Placing videos, images, tweets and many other kinds of external media into your WordPress website is easy with oEmbed. WordPress plugins are the life of the system and in 2013 more than ever there is a plugin for almost everything but it is nice to be able to get jobs done without the use of extra plugins.
Many of the tasks that WordPress oEmbed can do for you now, in the past would have been done with the help of a WordPress plugin, the development team behind WordPress seem fairly committed to making oEmbed support more and more rich media types, which is great new for users.
So what is oEmbed?
Put simply, WordPress oEmbed recognizes URLs to a number of services, for example Youtube videos. When WordPress sees the URL it will connect to the external service (Youtube) and ask for the relevant HTML code to embed the video into the page or post.
No longer do you have to mess with copy & paste jobs to get code for a video, you literally drop the URL of the video into the WordPress editor and it works.
If you’ve not tried this before log into your WordPress site right now, paste a Youtube video URL into a page and preview it!
Here’s one you can try (Yes I managed to get a Star Wars reference into this post as well!)
There is one thing you need to remember when doing oEmbeds in WordPress, the URL to the media must be on a line by itself in the editor. You don’t need to switch out of the visual editor, dropping it in there is ok as long as it’s on a line by itself.
What else can you use WordPress oEmbed for?
While oEmbed has been around for a while now in WordPress, 3.5.x added a number of new services that work with oEmbed so the list is now getting longer.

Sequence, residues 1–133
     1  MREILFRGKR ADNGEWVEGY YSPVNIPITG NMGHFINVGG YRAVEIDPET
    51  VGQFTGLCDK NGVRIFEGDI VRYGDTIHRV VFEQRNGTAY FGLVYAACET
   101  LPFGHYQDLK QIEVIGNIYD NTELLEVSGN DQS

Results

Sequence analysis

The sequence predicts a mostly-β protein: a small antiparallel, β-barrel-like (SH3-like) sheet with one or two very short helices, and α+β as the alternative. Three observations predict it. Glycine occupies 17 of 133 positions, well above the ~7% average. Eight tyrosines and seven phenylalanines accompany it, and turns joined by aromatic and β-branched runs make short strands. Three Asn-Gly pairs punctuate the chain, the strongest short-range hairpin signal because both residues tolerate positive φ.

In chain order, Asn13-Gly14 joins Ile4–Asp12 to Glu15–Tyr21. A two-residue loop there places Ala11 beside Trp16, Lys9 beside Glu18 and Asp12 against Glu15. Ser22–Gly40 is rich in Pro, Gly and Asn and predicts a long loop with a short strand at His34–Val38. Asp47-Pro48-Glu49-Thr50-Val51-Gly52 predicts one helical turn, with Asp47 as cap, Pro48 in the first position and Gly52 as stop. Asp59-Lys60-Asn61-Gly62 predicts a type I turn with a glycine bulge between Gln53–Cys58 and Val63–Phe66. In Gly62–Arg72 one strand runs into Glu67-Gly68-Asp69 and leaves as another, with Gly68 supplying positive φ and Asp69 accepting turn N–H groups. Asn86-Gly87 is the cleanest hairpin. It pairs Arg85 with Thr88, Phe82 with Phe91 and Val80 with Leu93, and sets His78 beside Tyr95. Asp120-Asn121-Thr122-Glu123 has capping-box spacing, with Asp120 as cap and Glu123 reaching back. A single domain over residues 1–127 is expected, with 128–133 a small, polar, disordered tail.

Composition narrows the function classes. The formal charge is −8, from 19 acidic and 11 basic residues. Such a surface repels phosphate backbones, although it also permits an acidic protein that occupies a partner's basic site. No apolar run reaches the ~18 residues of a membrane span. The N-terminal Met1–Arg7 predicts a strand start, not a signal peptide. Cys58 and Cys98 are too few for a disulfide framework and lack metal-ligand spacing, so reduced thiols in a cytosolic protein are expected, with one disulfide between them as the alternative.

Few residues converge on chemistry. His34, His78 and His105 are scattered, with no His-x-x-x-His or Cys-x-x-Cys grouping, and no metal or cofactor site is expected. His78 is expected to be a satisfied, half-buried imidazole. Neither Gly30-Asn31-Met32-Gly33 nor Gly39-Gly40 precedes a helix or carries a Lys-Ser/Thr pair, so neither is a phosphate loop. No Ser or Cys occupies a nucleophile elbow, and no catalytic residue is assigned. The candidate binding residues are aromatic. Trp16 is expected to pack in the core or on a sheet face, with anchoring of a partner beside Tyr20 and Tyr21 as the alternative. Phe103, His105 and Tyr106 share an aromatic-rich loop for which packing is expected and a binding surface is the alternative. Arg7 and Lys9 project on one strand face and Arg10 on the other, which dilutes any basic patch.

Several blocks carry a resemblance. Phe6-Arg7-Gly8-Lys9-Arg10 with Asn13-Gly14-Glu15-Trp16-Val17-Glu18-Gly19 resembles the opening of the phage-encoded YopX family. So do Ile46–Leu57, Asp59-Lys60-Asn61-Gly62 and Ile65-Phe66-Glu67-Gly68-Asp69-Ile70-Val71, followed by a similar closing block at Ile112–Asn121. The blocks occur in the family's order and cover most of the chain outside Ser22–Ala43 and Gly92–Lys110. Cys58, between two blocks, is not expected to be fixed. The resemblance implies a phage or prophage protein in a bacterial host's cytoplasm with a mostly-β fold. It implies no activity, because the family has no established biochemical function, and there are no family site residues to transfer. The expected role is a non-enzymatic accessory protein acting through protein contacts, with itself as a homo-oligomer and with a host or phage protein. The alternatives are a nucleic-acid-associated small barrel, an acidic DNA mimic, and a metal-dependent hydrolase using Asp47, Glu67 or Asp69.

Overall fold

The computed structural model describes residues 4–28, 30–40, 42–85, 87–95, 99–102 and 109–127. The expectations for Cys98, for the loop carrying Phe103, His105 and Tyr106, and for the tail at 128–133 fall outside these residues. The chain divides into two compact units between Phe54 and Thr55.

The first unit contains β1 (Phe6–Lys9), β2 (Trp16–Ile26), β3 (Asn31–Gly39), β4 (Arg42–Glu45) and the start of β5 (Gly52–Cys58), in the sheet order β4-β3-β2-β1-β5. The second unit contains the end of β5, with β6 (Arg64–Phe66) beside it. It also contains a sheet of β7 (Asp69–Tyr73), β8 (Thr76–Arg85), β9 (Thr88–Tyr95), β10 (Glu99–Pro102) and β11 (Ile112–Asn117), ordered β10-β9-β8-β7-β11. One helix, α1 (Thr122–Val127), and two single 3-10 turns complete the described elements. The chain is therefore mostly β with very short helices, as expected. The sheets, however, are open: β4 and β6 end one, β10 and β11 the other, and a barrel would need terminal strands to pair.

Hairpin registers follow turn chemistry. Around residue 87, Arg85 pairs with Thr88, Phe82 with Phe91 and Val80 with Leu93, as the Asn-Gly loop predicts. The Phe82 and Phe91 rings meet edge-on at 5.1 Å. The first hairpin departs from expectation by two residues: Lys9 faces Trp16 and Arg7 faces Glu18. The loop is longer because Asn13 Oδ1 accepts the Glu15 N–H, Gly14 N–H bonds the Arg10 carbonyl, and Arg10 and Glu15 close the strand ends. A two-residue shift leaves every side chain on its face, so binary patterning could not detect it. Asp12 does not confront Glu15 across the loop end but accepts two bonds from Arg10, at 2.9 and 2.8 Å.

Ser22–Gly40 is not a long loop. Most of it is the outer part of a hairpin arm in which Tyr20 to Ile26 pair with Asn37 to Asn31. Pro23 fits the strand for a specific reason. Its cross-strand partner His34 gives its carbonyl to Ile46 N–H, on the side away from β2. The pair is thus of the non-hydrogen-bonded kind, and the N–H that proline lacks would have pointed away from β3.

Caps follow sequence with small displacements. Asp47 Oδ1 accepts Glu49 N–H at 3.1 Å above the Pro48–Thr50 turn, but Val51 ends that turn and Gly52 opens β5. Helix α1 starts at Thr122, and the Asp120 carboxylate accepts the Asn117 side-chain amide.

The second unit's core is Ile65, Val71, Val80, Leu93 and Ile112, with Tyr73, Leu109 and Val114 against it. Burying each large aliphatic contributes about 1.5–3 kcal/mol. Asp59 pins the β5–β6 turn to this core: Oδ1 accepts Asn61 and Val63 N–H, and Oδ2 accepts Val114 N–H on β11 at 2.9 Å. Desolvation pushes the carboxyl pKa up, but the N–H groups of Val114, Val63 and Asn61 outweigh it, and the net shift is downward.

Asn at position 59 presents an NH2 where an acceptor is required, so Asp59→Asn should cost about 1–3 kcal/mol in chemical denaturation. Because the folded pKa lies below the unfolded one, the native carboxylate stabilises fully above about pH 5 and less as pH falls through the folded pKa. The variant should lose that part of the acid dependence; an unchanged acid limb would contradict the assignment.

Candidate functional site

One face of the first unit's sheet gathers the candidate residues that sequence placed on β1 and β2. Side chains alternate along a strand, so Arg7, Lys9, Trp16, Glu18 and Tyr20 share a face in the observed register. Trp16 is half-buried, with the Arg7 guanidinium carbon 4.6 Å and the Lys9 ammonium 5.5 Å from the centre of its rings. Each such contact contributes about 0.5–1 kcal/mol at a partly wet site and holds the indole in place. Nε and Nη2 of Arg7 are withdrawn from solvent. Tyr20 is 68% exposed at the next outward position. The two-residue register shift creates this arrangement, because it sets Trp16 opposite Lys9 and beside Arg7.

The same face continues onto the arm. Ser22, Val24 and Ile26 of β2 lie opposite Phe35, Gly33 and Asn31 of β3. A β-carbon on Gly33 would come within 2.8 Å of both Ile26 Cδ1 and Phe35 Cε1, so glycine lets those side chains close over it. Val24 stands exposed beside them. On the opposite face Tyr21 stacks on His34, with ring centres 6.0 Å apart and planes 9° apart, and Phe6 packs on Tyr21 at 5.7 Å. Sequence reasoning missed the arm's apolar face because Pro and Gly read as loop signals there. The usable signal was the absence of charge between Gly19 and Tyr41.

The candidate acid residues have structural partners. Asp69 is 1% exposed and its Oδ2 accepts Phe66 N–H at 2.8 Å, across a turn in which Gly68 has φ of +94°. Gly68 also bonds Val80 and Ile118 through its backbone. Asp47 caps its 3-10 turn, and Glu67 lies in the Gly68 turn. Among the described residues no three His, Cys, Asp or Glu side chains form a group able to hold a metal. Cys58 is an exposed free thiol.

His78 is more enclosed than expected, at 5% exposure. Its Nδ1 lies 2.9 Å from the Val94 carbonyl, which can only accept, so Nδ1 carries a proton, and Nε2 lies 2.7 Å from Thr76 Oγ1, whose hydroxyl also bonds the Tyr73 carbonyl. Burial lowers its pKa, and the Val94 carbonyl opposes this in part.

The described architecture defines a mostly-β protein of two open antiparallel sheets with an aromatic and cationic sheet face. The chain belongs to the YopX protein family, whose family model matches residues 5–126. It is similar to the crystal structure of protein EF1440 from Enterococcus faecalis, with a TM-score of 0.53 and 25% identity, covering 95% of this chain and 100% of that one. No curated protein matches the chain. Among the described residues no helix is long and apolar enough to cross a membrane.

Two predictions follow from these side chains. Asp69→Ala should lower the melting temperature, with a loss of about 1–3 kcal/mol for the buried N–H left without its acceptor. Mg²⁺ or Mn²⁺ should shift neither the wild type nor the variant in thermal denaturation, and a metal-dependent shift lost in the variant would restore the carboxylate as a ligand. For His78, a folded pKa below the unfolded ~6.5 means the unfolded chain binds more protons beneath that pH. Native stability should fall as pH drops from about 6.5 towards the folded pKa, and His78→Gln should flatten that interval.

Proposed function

Video services like Youtube, Vimeo, Blip.tv and Viddler are all supported. Photo sites like Instram,Flikr and Photobucket work and even social sites like Twitter and beginning to get support. For a full list of oEmbed services bookmark this page in the WordPress Codex.
See it in action right here!
When not coding and building WordPress sites I like to play and record music, so let me demo right here for you an oEmbed a track that I uploaded to SoundCloud (Yes it’s supported by oEmbed as well!)
Cool huh? (the oEmbed, not necessarily the track 🙂 )
Control the size of the embedded object
Here’s an additional tip that’s worth noting. WordPress relies on a content width setting to control how wide an embedded object should be. Some WordPress themes will have this set already and it will match the width of the content that is being displayed.
If you have a theme that does not support this width it’s very easy to add yourself.
if ( !isset( $content_width ) ) $content_width = 550;
You can safely place this into your theme’s function.php file. Basically what it does is check to see if the width has been set and if not sets it to 550 (pixels). Just change the number to what will work in your situation.
Based on this value, WordPress will use that as the width for all oEmbeds that it now sees. It’s clever enough to work out the height based on the width that you supply so there is no need to worry about a height setting.
oEmbed is a great functionality and one that I use all the time. It’s brilliant for end users of WordPress, no more messing with complicated plugins and settings, just drop the URL of the media into the page and your done!
Go and try it in your WordPress site now!